To serve the mental health needs of a diverse population, communities need knowledgeable and well-trained practitioners that represent them. The Tulane University School of Social Work is pleased to have three of its Doctorate of Social Work (DSW) candidates named to the Minority Fellowship Program (MFP) of the Substance Abuse and Mental Health Services Administration (SAMHSA). Brittany Hammonds, Jamie Ingram, and Virginia White will receive scholarships and training that not only advances their careers but also supports increased racial and ethnic diversity in behavioral health services. The current class of 55 interdisciplinary fellows includes master’s and doctoral level students from around the United States.
“For over five years, we’ve been supporting DSW candidates in applying for these fellowships. We haven’t received one, let alone three, and we couldn’t be more proud of Brittany, Jamie, and Virginia,” said Dr. Tonya Hansel, DSW Program Director. “In addition to the MFP’s scholarship and training, it provides an incredible networking opportunity to learn with and from behavioral health professionals from all over the country.”
Hammonds, Ingram, and White join two TSSW faculty members who were MFP fellows, including Dr. Maurya Glaude, Director of Field Education and Professor of Practice, and Dr. Joan Blakey, Associate Professor.
With sponsorship from the American Psychological Association, the MFP provides support and funding so that individuals can obtain advanced degrees in pursuit of expertise that reduces health disparities and improves behavioral health care outcomes for racial and ethnic populations.
The fellowship recipients are grateful for this opportunity and look forward to professional and leadership development seminars, conferences, and meetings as well as opportunities for mentoring, supervision, and clinical interactions.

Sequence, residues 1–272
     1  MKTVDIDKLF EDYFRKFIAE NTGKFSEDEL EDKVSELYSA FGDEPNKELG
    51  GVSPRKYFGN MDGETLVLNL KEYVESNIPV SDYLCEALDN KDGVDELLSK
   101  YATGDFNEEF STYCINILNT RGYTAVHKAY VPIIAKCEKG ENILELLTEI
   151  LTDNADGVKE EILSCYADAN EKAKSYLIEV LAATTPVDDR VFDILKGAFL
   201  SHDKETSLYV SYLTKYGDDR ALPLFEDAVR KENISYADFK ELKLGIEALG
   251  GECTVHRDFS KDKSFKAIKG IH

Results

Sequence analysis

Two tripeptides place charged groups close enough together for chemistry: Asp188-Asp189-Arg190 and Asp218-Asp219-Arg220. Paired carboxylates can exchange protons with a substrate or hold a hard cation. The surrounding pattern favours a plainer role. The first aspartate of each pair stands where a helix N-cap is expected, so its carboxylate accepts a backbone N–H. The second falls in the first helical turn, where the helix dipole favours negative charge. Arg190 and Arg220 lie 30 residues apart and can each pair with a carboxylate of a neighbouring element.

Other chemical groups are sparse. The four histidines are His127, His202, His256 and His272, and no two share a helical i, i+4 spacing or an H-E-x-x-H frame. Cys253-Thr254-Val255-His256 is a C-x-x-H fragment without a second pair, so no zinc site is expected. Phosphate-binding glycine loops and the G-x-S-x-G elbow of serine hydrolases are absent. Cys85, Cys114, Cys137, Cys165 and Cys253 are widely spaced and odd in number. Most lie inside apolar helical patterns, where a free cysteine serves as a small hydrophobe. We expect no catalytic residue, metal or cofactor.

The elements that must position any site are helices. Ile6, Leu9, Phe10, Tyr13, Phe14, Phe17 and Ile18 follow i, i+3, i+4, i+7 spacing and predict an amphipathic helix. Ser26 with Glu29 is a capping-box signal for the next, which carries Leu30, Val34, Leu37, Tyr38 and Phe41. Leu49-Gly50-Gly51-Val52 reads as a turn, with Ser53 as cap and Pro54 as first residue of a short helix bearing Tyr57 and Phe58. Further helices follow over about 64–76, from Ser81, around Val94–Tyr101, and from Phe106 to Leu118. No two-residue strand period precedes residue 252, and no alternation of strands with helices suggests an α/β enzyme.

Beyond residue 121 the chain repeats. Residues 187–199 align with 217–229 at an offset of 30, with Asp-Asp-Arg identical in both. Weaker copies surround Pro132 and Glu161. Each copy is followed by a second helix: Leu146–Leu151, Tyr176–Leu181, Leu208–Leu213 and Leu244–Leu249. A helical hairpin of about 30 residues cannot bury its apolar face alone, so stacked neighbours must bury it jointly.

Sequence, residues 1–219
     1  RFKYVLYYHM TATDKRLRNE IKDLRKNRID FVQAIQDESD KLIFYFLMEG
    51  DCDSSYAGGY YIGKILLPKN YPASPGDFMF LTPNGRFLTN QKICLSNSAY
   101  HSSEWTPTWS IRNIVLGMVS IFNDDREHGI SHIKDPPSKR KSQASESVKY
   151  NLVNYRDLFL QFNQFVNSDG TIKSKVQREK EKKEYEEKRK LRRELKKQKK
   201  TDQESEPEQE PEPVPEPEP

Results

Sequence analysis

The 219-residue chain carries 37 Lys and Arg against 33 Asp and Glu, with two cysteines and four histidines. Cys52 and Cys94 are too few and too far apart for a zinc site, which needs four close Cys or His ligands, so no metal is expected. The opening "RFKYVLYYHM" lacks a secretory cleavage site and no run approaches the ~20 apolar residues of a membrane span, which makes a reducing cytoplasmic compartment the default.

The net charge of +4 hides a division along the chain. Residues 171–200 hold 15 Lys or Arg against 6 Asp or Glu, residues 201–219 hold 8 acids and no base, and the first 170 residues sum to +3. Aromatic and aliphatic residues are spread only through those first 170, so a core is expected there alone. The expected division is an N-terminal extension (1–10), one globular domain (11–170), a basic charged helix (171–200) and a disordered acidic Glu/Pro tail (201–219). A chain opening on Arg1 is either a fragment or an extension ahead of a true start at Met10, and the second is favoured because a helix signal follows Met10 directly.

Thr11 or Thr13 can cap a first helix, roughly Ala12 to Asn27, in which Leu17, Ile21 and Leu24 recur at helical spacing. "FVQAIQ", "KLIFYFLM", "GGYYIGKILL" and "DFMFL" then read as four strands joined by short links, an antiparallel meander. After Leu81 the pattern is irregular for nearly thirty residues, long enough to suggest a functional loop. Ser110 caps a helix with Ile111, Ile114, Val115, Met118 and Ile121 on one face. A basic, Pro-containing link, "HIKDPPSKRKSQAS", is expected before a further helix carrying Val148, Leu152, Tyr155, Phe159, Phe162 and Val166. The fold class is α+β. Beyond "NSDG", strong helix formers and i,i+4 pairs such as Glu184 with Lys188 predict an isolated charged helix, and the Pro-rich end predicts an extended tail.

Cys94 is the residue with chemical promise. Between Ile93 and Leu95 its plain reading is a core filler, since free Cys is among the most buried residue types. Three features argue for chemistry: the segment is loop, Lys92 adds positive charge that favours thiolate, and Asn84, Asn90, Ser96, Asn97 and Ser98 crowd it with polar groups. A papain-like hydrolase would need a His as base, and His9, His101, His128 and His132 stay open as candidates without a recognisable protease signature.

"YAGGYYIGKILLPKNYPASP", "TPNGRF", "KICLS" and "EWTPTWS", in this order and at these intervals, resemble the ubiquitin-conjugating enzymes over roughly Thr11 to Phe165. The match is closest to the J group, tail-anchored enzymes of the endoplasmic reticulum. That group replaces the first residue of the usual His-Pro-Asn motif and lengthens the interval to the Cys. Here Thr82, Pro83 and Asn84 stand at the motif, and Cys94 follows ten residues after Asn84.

- Brittany Hammonds, LCSW, LCAS, CCS is a clinical supervisor for a substance abuse agency in Charlotte, NC and is in her 4th semester at Tulane. “Being awarded this fellowship shows me, and other Native American people, that we belong at the decision making table.” Hammonds said. “It also allows for me to continue my passion with working with the substance abuse population.”
- Jamie Ingram, LCSW, LCAS lives in Durham, NC with her husband and two children. In her third semester of the DSW program, she is also a Clinical Addictions Therapist for UNC Health-Alcohol and Substance Abuse Program (ASAP). “My selection as an IMFP fellow exemplifies perseverance, hope, and dedication to my work and my higher calling,” Ingram said. “God has given me unimaginable strength to overcome obstacles, to endure the journey, and to reach and exceed my goals.”
- Virginia White, MSW lives in Kansas City, MO and is in her third year of the program. “I'm excited to receive support directed towards my passion and career interest to promote Minority Health,” White said.
Founded in 1973, the MFP is administered by the SAMHSA Center for Mental Health Services (CMHS) and the SAMHSA Center for Substance Abuse Treatment (CSAT) and focuses on addressing behavioral health workforce shortages and training practitioners on recovery-based practices.